“I know I could,” the colonel responded tartly. “But what do you think you’re here for? I could shop for my own food, too, but that’s Milo’s job, and that’s why he’s doing it for every group in the area. Your job is to lead us in prayer, and from now on you’re going to lead us in a prayer for a tighter bomb pattern before every mission. Is that clear? I think a tighter bomb pattern is something really worth praying for. It will be a feather in all our caps with General Peckem. General Peckem feels it makes a much nicer aerial photograph when the bombs explode close together.”

San Francisco Corruption Revealed on the Floor of the House – Central Subway to Nowhere – A Short Speech

Friday, July 6th, 2012

The Subway to Nowhere. House Chamber, Washington, D.C. June 27, 2012. Remarks by Congressman Tom McClintock (R-CA).”

“Mr. Chairman:

This amendment forbids further federal expenditures for the Central Subway project in San Francisco.

The project is a 1.7 mile subway that is estimated to cost $1.6 billion –– and those cost estimates continue to rise.  Its baseline budget has more than doubled in nine years and shows no signs of slowing.  The current estimate brings the cost to nearly $1 billion per mile.  That’s five times the cost per lane mile of Boston’s scandalous “Big Dig.”

It was supposed to link local light rail and bus lines with CalTrain and Bay Area Rapid Transit, but it’s so badly designed that it bypasses 25 of the 30 light rail and bus lines that it crosses.  To add insult to insanity, it dismantles the seamless light-rail to BART connection currently available to passengers at Market Street, requiring them instead to walk nearly a quarter mile to make the new connection.  Experts estimate it will cost commuters between five and ten minutes of additional commuting time on every segment of the route.

The Wall Street Journal calls ita case study in government incompetence and wasted taxpayer money.”

They’re not alone.  The Civil Grand Jury in San Francisco has vigorously recommended the project be scrapped, warning that maintenance alone could ultimately bankrupt San Francisco’s Muni.  The former Chairman of the San Francisco Transportation Agency has called it, “one of the costliest mistakes in the city’s history.

Even the sponsors estimate that it will increase ridership by less than one percent, and there is vigorous debate that this projection is far too optimistic.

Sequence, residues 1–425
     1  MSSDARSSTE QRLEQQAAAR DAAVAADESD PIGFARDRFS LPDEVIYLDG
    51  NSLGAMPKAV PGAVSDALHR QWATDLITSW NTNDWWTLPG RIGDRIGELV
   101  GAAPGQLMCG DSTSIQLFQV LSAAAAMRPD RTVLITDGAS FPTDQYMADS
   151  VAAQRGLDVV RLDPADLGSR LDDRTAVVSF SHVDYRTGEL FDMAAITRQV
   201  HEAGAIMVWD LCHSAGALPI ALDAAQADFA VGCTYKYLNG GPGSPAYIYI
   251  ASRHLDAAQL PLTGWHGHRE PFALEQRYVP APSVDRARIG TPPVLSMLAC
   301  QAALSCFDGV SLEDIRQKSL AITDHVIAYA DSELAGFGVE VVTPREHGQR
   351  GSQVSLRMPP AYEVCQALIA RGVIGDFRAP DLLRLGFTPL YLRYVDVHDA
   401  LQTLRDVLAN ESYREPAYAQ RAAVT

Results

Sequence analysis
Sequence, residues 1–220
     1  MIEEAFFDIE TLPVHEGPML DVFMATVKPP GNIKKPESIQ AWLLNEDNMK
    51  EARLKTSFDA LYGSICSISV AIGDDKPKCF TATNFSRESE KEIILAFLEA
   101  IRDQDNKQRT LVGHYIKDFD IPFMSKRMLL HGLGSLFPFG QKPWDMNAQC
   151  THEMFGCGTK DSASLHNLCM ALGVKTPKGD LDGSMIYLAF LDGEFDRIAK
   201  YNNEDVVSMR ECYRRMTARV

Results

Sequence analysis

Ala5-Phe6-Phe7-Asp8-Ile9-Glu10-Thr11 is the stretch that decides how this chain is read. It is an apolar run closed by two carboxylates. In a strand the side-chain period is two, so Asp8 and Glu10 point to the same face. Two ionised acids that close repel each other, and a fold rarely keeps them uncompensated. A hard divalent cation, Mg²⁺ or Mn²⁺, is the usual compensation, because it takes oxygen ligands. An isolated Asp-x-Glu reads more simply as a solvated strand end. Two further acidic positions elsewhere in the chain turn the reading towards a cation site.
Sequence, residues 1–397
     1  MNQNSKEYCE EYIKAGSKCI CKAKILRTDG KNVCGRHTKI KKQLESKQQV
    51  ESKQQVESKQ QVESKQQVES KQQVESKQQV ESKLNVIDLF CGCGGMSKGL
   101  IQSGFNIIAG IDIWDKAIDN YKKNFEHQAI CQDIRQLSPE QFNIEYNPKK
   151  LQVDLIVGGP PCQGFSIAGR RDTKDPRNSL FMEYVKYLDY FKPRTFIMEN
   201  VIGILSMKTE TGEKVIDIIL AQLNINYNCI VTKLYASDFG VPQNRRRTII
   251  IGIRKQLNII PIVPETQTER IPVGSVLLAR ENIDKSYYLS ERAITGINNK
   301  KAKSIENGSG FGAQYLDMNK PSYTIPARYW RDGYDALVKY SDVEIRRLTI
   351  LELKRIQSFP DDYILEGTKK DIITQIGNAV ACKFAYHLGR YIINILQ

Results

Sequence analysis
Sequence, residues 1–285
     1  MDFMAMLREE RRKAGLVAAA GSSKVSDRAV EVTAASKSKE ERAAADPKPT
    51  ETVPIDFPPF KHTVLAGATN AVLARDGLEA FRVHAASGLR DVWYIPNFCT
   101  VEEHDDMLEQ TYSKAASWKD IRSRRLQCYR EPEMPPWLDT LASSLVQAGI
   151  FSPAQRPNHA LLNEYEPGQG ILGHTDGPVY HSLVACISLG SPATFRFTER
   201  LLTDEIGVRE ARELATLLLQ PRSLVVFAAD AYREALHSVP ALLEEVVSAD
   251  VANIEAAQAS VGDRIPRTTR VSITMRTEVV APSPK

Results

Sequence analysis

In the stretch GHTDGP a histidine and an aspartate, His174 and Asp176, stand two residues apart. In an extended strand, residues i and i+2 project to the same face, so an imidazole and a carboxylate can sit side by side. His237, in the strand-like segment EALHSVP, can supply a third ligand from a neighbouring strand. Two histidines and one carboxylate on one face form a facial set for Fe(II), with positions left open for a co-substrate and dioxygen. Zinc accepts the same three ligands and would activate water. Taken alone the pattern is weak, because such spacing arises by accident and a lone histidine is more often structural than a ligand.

I think Margaret Okuzumi, the Executive Director of the Bay Rail Alliance put it best when she said,

Too many times, we’ve seen money for public transit used to primarily benefit people who would profit financially, while making transit less convenient for actual transit riders.  Voters approve money for public transit because they want transit to be more convenient and available…it would be tragic if billions of dollars were spent on something that made Muni more time consuming, costly and unable to sustain its overall transit service.”

This administration is attempting to put federal taxpayers – our constituents — on the hook for nearly a billion dollars of the cost of this folly through the “New Starts” program – or more than 60 percent.  We have already squandered $123 million on it.  This amendment forbids another dime of our constituents’ money being wasted on this boondoggle.

Now here is an important question that members may wish to ponder:  “Why should your constituents pay nearly a billion dollars for a purely local transportation project in San Francisco that is opposed by a broad, bi-partisan coalition of San Franciscans, including the Sierra Club, Save Muni (a grassroots organization of Muni Riders), the Coalition of San Francisco Neighborhoods, and three of the four local newspapers serving San Francisco?

Why, indeed.

I’m sorry, I don’t have a good answer to that question.  But those who vote against this amendment had better have one when their constituents ask, “What in the world were you thinking?”

# # #

This amendment to the Transportation, Housing and Urban Development Appropriations Act (HR 5972) was approved by the House on June 29th.  The legislation next goes to the Senate.

San Francisco’s 11th Commandment: Christians Shalt Not Obey Parking Rules on Sundays